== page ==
Senate advances Rakolta nomination for UAE ambassador
Washington — The U.S. Senate on Monday evening advanced the nomination of Michigan businessman John Rakolta Jr. to be the next U.S. ambassador to the United Arab Emirates.
The 55-27 procedural vote could signal what the final tally on his nomination will be later this week. Michigan U.S. Sens. Debbie Stabenow and Gary Peters, both Democrats, voted yes.
Rakolta, a major Republican fundraiser, for 39 years has led the Detroit-based Walbridge, an international construction and engineering company.
If confirmed, he would be the first political appointee to serve in the Emirates post, which has historically been reserved for career foreign-service officers.
Rakolta was nominated in March 2018 by President Donald Trump for the position, which has been vacant for 18 months since the retirement of Ambassador Barbara A. Leaf.
Rakolta was a top donor to Trump's 2017 inauguration, giving $250,000, and his family gave over $275,000 to Trump's 2016 campaign.
Rakolta previously served as finance chairman of Utah Sen. Mitt Romney’s two presidential campaigns in 2008 and 2012. Romney now chairs a Senate Foreign Relations subcommittee whose jurisdiction includes the UAE.
Rakolta is related by marriage to Ronna Romney McDaniel, who chairs the Republican National Committee and chaired Michigan’s Republican Party when Trump was elected. Rakolta’s wife and McDaniel's mother are sisters.
The Foreign Relations Committee voted 15-7 in late July to send Rakolta's nomination to the full Senate for consideration following a June hearing.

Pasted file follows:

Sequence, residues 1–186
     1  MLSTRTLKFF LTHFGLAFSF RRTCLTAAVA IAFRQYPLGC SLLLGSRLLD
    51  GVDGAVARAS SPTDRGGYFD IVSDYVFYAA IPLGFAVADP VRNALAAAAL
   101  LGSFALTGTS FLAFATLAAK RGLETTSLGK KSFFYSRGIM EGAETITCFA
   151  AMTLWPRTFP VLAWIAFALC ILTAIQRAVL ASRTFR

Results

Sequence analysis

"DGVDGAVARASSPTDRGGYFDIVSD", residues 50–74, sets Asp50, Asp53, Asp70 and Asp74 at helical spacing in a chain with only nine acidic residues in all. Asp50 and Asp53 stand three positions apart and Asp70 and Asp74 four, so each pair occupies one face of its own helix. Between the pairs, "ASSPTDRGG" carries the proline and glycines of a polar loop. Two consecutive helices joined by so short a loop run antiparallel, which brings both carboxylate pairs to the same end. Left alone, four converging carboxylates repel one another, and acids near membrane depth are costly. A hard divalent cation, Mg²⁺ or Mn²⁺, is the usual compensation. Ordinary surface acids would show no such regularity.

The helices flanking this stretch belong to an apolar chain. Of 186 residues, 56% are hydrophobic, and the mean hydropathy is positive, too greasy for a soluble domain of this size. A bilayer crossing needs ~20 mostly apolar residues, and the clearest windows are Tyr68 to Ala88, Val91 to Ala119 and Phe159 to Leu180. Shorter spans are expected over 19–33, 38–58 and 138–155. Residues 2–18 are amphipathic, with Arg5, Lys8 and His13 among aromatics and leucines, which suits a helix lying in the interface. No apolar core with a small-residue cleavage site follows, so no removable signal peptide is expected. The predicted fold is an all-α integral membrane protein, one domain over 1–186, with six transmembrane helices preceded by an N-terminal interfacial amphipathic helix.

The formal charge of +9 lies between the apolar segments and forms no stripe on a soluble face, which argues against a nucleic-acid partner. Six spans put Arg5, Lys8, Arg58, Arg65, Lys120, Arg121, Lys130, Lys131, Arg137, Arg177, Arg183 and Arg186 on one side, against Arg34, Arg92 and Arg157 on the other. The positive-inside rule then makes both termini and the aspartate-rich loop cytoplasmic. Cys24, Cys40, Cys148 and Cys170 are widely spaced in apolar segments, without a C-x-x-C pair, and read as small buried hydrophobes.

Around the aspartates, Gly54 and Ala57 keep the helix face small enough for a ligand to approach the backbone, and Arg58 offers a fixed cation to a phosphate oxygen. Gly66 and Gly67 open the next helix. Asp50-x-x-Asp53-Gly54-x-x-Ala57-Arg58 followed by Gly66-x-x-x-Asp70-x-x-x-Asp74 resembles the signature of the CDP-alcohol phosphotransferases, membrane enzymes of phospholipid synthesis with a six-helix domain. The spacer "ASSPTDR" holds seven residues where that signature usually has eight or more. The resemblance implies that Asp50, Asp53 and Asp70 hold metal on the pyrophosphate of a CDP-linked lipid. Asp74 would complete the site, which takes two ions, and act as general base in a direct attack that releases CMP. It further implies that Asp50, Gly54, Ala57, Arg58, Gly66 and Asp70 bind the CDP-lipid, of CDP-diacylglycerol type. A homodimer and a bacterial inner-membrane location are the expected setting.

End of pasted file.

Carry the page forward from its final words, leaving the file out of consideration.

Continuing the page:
At the time, Rakolta had the backing of all the Republicans on the panel, as well as Democratic Sens. Chris Coons of Delaware, Chris Murphy of Connecticut and Jeanne Shaheen of New Hampshire.
The UAE is a federation of seven states that has swiftly developed into an economic hub on the Persian Gulf bordering Oman and Saudi Arabia.
The nation hosts three U.S. military bases including Al Dhafra Air Base from which the American military conducts surveillance flights.
Senators from both parties remarked at Rakolta's hearing about Trump's decision to select a political appointee with no prior diplomatic experience for the UAE, with Murphy saying "it is not insignificant."
Senators touted the critical importance of the U.S. relationship with the UAE concerning trade, investment and anti-terrorism initiatives but also raised concerns about its isolation of Qatar, its role in the humanitarian crisis in Yemen and what Murphy called its "increasingly militaristic" foreign policy.
Asked by Romney whether he'd be at a disadvantage, Rakolta said career ambassadors and political appointees are "quite different."
"Each brings a different qualifications to the job. I certainly will be at somewhat of a disadvantage on the career side of all of the experiences that they have. But on the other hand, I bring other experiences that I think will be very, very beneficial," Rakolta said.
"I would submit to you that I will be using the embassy staff and the State Department to probably a greater degree — relying on them at least in the initial phases for a lot of advice and guidance."